Players also are searching for answers.
"I have no idea, no idea," cornerback DeAngelo Hall said, when asked what needs to change. "Different day, same results."
For the second time in as many games, Campbell struggled in the first half and the Redskins were booed off the field going into the locker room at halftime. But unlike at halftime of the 14-6 loss to the Chiefs the previous week, Zorn did not make a change at quarterback. He decided to stick with Campbell instead of again turning to longtime backup Todd Collins.
In the opening quarter Monday, Philadelphia lost all-pro running back Brian Westbrook for the game after he suffered a concussion. Cooley's injury occurred on the first play of the second quarter.
Although Philadelphia quarterback Donovan McNabb threw several balls short, he completed 15 of 25 passes for 156 and one touchdown, a 91.4 rating. Quarterback Michael Vick, who has been used sparingly by the Eagles to this point this season, completed his only pass attempt for five yards and rushed three times for nine yards.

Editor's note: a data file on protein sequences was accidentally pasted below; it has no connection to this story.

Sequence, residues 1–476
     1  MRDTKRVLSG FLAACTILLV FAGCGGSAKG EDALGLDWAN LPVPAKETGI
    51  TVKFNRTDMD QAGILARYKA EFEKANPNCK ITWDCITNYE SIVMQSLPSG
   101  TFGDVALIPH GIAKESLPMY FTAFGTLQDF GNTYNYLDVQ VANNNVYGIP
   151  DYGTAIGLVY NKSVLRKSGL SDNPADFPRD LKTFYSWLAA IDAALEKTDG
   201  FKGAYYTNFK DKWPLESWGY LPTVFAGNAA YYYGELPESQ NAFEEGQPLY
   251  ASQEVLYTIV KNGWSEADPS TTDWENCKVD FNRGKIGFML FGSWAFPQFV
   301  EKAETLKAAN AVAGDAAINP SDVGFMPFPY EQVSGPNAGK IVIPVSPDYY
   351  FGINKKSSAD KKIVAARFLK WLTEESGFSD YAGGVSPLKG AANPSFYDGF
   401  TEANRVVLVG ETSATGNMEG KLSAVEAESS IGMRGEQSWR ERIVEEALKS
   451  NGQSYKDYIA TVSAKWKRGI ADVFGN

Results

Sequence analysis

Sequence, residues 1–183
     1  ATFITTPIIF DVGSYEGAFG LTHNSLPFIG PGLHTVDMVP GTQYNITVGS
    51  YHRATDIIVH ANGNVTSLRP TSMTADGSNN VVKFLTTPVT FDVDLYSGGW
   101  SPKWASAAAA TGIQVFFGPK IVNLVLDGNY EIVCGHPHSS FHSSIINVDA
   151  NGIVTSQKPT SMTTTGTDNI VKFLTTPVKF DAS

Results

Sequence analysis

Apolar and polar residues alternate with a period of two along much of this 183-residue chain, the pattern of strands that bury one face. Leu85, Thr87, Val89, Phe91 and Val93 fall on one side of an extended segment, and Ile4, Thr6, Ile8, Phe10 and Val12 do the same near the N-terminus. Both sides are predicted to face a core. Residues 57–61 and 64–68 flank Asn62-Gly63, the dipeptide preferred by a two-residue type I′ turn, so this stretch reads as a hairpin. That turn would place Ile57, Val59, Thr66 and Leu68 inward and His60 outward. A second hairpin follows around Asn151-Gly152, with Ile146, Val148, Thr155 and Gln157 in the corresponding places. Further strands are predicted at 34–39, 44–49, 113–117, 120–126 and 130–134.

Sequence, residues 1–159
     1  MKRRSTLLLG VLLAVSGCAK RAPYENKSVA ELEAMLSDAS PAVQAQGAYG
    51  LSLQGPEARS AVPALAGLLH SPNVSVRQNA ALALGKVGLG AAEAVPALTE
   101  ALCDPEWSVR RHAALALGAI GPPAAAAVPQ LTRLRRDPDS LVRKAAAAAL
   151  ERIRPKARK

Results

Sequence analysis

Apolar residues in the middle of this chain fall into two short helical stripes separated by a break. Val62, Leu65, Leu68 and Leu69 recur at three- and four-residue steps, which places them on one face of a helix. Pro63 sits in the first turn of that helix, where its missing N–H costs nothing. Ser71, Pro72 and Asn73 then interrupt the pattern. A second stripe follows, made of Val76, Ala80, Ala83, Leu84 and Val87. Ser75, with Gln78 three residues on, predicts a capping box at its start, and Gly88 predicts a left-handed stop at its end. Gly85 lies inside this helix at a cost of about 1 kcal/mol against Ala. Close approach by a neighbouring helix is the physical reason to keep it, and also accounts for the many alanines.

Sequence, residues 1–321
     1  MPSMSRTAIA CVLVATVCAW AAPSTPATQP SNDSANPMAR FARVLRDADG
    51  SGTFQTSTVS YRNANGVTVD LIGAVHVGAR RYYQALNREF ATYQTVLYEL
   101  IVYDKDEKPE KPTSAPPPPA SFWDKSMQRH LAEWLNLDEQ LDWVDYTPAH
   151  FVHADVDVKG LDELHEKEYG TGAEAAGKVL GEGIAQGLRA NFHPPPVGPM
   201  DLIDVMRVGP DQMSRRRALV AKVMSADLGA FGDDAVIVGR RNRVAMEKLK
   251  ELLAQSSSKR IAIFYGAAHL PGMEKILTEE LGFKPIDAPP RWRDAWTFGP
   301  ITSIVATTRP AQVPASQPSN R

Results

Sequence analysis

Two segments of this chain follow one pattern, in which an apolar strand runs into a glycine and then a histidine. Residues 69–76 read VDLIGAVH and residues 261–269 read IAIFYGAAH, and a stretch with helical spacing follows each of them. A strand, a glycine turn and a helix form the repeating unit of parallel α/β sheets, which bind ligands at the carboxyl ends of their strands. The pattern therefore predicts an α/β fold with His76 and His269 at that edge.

Thomas, recently promoted to the starting lineup, teamed with Campbell on a two-yard touchdown pass -- his first touchdown reception in 23 career games -- in the second quarter. Thomas scored on a reverse as a rookie last season.
Punt returner Antwaan Randle El's fumble in the second (the ball caromed off his face mask) led to Eagles place kicker David Akers's second 40-plus-yard field goal of the first half. Washington place kicker Shaun Suisham made a 47-yarder just before halftime.